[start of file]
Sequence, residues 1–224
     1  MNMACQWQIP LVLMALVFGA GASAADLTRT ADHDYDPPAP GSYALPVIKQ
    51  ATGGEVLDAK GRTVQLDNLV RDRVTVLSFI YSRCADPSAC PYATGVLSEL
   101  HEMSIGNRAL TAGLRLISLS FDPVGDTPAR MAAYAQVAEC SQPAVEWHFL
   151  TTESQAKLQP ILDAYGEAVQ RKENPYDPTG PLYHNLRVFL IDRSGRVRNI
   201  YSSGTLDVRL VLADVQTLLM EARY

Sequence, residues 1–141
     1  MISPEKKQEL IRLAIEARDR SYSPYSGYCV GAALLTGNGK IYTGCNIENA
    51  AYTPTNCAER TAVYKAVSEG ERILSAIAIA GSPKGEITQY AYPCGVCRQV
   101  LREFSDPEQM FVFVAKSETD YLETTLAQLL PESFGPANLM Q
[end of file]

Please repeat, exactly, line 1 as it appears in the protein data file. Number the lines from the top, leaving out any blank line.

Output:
Sequence, residues 1–224